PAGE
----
Travel back in time with genealogy road trips
Mum had warned me not to pedal my bike down Deacon's Hill but I couldn't resist feeling the wind in my face and a sense of power as I pedalled faster and faster.
Without warning, the chain flew off the sprocket, leaving me helpless to slow down. To add to my troubles, I hit some loose gravel and lost control.
My arms and knees bled as I pushed the bike home. Even worse, I had bent the wheel.
Mum brought out the iodine and bandages while Dad surveyed the damage. He said he could take the wheel from Gord's old bike and get me up and running again, news that helped to dry my tears.
When Gramp drove into the yard, he took one look at the disassembled bikes and extra parts and asked Dad, "Are you in the process of building a penny farthing bike like Burp Kilpatrick did?"
As usual, I didn't have a clue what he was talking about.
To my surprise, on a visit last month to the Agricultural Museum of New Brunswick in Sussex, a penny farthing bike built by Burp Kilpatrick of Upham more than 100 years ago was on display.
The frame was made of wood from the hornbeam tree. The iron was made by hand. The front wheel was from a horse driving carriage and the back wheel probably came from a baby carriage.
If your ancestors were farmers, the Agricultural Museum, which preserves and promotes New Brunswick's rural heritage, is an interesting place to visit. Hundreds of artifacts and documents have been carefully gathered over the years to build one of the most impressive collections in Atlantic Canada. Guests can tour displays of agricultural equipment, antique home settings, a school room and a train station.
Visitors from all over the world drop into this museum.
At the Kings County Museum in Hampton the exhibition "The Mysterious Stranger - Henry More Smith" has been set up in a jail cell in the old Kings County Gaol.
Kings County Historical and Archival Society, Inc. will host a heritage day at Hatfield Point Baptist Church Auditorium on August 23, starting at 2 p.m. with a genealogy fair. Bring your photos and material to share.
An exhibit commemorating the 225th anniversary of the landing of the Loyalists will be on display.
Old-fashioned games will begin at 3 p.m., followed by a pot-luck supper at 5 p.m. A Loyalist ghost walk will start at 6 p.m. in the adjoining Bayview Cemetery. Everyone is welcome.
Canada's Irish Festival on the Miramichi was founded in 1984 to promote and preserve the province's Irish heritage and culture. This July 17 - 20 is the festival's 25th year, where people of all ages will wear green to celebrate their Irish heritage. Visit http://www.newirelandnb.ca for details.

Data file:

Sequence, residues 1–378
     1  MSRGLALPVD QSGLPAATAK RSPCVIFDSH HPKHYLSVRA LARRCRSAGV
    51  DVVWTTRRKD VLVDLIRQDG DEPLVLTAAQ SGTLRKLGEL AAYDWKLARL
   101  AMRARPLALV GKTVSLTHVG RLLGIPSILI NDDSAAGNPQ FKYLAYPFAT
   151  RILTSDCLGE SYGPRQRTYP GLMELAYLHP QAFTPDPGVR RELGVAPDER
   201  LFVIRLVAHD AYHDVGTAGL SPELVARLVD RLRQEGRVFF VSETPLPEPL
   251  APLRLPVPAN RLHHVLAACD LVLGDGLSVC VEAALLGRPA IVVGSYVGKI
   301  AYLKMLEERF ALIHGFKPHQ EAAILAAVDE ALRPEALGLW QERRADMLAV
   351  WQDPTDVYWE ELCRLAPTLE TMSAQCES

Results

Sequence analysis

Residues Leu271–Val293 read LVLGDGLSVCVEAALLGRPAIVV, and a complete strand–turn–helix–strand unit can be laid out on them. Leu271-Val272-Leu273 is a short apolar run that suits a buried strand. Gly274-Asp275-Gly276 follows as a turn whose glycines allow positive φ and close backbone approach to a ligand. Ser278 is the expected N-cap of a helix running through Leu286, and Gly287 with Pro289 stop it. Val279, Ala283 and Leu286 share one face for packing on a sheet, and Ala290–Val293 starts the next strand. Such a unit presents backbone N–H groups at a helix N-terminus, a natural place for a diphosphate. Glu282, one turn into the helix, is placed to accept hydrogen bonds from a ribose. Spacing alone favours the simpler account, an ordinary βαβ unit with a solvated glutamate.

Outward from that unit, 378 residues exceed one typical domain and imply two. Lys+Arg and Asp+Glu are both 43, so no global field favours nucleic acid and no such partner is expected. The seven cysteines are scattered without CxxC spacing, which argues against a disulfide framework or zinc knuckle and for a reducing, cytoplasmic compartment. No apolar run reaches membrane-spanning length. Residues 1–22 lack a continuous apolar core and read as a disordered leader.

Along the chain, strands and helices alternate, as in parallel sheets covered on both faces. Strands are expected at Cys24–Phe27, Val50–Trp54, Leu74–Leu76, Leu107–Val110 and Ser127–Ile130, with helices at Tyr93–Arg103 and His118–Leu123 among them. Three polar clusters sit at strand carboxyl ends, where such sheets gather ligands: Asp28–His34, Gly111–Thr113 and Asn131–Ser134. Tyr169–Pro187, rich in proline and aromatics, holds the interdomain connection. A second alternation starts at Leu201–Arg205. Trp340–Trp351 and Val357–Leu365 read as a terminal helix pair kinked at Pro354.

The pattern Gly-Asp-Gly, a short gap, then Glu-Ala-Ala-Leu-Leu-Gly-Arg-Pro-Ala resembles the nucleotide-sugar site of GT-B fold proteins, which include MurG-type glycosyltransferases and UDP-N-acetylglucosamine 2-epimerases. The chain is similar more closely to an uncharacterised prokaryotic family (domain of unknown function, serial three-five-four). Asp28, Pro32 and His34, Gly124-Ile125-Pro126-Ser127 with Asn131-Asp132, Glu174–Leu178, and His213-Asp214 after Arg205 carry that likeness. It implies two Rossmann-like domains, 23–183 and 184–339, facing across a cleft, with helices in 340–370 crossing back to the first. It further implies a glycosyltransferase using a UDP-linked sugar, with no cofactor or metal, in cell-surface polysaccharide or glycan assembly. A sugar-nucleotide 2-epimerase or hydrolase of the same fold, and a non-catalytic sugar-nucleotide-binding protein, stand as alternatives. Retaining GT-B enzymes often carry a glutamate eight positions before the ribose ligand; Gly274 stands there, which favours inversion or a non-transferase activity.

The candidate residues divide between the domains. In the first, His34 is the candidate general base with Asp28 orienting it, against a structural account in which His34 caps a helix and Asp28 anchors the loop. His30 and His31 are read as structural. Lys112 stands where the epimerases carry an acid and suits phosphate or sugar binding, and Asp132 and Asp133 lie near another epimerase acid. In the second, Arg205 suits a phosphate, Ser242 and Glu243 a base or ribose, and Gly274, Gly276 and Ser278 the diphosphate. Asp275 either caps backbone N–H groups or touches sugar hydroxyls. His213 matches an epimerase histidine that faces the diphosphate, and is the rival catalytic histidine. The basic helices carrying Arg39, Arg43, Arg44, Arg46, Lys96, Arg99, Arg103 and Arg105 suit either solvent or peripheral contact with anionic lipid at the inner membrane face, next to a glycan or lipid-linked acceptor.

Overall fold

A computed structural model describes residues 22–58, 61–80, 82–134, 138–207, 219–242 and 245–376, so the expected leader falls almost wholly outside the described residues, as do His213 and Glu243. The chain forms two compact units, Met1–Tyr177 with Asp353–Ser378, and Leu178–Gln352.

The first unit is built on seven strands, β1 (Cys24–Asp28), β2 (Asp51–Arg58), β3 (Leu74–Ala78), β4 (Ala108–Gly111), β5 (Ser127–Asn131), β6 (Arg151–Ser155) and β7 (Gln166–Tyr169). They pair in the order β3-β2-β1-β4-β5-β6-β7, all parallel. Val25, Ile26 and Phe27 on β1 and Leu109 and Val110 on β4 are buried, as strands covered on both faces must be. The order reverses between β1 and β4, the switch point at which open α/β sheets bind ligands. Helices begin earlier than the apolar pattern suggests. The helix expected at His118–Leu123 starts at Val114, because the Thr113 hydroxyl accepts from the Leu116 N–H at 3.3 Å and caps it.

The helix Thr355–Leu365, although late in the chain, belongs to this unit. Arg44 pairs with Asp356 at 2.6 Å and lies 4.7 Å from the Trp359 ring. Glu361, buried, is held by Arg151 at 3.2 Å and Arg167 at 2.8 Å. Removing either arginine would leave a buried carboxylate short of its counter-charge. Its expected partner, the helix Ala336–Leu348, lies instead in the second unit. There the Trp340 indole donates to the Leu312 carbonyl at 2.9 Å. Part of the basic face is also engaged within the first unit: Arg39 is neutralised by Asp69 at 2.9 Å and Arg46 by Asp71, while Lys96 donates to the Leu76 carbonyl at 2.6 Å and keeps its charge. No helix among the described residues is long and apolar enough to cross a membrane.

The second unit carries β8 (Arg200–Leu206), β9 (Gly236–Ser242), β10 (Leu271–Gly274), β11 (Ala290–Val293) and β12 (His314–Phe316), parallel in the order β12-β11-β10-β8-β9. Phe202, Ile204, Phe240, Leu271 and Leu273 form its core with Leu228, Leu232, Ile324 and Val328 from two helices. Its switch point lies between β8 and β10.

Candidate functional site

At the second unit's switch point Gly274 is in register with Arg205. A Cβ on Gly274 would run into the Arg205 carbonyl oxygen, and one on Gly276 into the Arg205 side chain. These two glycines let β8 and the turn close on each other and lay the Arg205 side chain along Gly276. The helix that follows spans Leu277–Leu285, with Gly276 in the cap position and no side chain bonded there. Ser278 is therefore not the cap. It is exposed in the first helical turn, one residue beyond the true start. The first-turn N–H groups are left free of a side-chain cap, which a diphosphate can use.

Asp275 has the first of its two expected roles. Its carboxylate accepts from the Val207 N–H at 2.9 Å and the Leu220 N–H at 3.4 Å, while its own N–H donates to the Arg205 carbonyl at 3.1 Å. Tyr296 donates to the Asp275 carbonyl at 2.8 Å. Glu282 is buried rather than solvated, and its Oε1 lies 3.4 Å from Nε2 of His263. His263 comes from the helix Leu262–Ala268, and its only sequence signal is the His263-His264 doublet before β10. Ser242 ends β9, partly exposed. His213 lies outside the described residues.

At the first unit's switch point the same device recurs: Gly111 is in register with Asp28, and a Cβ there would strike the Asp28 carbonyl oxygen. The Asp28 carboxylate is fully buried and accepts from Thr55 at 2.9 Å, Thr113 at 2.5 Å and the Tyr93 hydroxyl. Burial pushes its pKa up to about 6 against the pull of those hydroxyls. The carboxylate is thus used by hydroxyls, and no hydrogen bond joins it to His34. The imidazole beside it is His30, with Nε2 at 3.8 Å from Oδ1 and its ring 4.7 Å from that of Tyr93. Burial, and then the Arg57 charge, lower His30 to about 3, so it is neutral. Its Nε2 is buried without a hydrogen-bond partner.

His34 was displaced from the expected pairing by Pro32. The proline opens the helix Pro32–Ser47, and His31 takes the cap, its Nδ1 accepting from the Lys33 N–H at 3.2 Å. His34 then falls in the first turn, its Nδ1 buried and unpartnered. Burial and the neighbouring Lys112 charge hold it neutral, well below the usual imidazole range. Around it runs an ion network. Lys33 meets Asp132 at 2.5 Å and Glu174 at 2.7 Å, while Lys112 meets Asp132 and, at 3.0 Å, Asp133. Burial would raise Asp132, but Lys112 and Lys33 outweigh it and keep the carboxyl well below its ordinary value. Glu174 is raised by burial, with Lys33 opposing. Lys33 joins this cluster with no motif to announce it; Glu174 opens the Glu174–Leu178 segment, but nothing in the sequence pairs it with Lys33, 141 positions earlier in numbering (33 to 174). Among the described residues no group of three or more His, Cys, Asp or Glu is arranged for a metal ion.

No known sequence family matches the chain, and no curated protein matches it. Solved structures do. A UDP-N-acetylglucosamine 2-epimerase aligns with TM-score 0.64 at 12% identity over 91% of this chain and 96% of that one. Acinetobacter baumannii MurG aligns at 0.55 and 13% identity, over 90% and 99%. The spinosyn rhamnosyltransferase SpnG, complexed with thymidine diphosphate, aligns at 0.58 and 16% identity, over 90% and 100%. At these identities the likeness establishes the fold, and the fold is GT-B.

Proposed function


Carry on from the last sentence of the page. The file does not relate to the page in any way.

Those with Catholic Roots might want to visit the Archives of the Diocese of Saint John (1 Bayard Dr.). There are thousands of family group sheets compiled by staff and volunteers, just waiting to be viewed. Call 653-6807 or e-mail email@example.com to make an appointment.
On Tuesday at 2 p.m. the New Brunswick Museum, Market Square, will hold a Victorian Tea and a chance to take a close look at Victorian costumes and accessories. Advance tickets are required and can be purchased by calling 643-2349.
On a rainy day, visit the Virtual Exhibits at http://website.nbm-mnb.ca/english/00aa.html.
The Ross Memorial Museum, 188 Montague St., St. Andrews, shows the extensive decorative arts collection of Henry Phipps Ross and Sarah Juliette Ross in Chestnut Hall, one of the town's finest neo-classical houses. Early 19th-century furniture by New Brunswick cabinetmakers Alexander Lawrence, Thomas Nisbet, Lordly and Howe and Alban Emery are also on display.
The Charlotte County Archives in the old Charlotte County Gaol, 123 Frederick St., St. Andrews, has thousands of documents, maps and photographs. Visit http://www.ccarchives.ca/archives.html.
Admission is free to the School Days Museum on the corner of Queen and York Streets in Fredericton. Visit http://museum.nbta.ca for details.
The Provincial Archives of New Brunswick 23 Dineen Dr., University of New Brunswick Campus, Fredericton, has documents and records of the history of New Brunswick.
There are 1,713,032 records in the online database at http://archives.gnb.ca, as well as 5,500 photographs and 56,591 documents.
Prepare your notes and do some homework before you set out on a summer journey in search of information on your ancestors in the province's many museums, libraries, archives, research institutions and cemeteries.
Harris: I seek information on Rev. Hezaciah Harris, who probably was on the Baptist Field of Jemseg, which included other churches in the area, in the late 1800s.
Allen-Tabor: I'm interested in finding the names of the parents and grandparents of Thomas Walker Allen, born 02 June 1848, died 07 Nov. 1941 at Hanford Brook, N.B. He married Martha Matilda Tabor of Hanford Brook, who died 31 Dec. 1923. Their children were Samuel 1870, Thomas George 1872, Mary 1880, James Abraham 1883, Margaret Jane circa 1885, and John Henry 1890.
Mark Allan, RR1, Foresters Falls, Ont. K0J 1V0
Ruby M. Cusack is a genealogy buff living in New Brunswick, Canada. Send your New Brunswick genealogical queries to her at: firstname.lastname@example.org. Please put "Query" followed by the surnames in your query as the subject. For more information on submitting queries, visit http://www.rubycusack.com/Query-Instructions.html
Ruby contributes a "Family History" column to the Telegraph-Journal on the third Saturday of the month.
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